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CGM trial effective in guiding insulin decisions in type 1 diabetes

Adults with type 1 diabetes at low risk of severe hypoglycemia have safely and effectively used a continuous glucose monitor (CGM) system without finger pricking to check blood glucose levels, a trial confirms.
The findings from the 26-week REPLACE-BG trial could be significant in future therapeutic decisions regarding finger pricking among patients treated with CGMs.
Last year the US Food and Drug Administration (FDA) approved users of the Dexcom G5 CGM system to replace finger pricking with the readings given from the monitor in determining doses of insulin. Twice-daily blood tests are still required for reasons including calibrating the CGM, if the sensor is unable to provide data or if CGM results do not match the person’s symptoms.
However, these are US recommendations, and UK users of CGM devices should adhere to advice from their health tam.
Senior author Dr Roy W Beck, Jaeb Center for Health Research, Tampa, Florida, told Medscape Medical News: “The study results are supportive of the FDA decision. Based on the study results, clinicians and patients should have a reasonable comfort level for dosing of insulin based on CGM alone.”

A total of 226 adults with type 1 diabetes were involved in this trial, all of whom used insulin pumps and had a mean HbA1c of 7% (53 mmol/mol). Half the participants were using CGMs before the trial.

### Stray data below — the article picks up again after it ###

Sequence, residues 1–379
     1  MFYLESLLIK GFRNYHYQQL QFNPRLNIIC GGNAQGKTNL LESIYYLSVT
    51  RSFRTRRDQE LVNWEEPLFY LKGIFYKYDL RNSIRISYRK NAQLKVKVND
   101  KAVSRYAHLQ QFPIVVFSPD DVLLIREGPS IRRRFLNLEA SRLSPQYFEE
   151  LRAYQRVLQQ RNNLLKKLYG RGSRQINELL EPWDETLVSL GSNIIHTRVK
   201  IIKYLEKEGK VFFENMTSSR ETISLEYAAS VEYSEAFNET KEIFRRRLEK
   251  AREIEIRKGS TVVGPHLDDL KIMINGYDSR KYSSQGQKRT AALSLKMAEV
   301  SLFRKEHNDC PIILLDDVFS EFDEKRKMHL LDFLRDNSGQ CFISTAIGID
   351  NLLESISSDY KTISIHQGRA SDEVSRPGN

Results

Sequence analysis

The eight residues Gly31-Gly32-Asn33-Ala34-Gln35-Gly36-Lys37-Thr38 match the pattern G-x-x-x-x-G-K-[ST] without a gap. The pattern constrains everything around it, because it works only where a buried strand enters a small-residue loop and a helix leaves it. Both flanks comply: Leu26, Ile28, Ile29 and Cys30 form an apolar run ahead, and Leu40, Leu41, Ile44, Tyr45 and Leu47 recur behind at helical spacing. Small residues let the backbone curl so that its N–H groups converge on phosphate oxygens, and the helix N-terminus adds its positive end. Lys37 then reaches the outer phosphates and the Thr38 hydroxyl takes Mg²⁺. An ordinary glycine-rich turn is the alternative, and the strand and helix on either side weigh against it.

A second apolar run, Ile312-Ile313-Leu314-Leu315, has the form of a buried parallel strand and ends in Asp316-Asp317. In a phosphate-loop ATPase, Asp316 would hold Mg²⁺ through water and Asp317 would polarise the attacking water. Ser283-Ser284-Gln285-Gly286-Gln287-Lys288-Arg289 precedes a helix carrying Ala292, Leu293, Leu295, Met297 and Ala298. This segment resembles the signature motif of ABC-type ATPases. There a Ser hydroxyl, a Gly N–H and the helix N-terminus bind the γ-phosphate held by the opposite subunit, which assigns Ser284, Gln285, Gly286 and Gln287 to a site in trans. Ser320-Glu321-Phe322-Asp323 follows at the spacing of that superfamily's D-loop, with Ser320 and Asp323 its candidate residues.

They were divided into one of two groups, either receiving CGM-only treatment or CGM plus blood glucose monitoring (BGM). The first group based all management decisions on the CGM readings; the second group tested their blood sugar levels whenever they injected bolus insulin, during hypoglycemia and before sleep.
No significant differences between the groups were observed regarding blood glucose control, hypoglycemia or hyperglycemia, regardless of confounding factors such as age, baseline HbA1c or CGM use prior to the study.
“I believe that it is likely that the same degree of safety is present in injection users using CGM who are under good control, as there is no reason to expect different results. But we can’t directly conclude this from the study,” said Beck.
“The safety also should be the same for both pump users and injection users who are not under good control, provided that they properly calibrate the sensor.”
The researchers stress, despite these findings, that clinicians should still ensure patients using CGMs should keep blood glucose meters and strips at hand at all times, in case any problems should emerge with their CGMs.
The findings appear online in the journal Diabetes Care.

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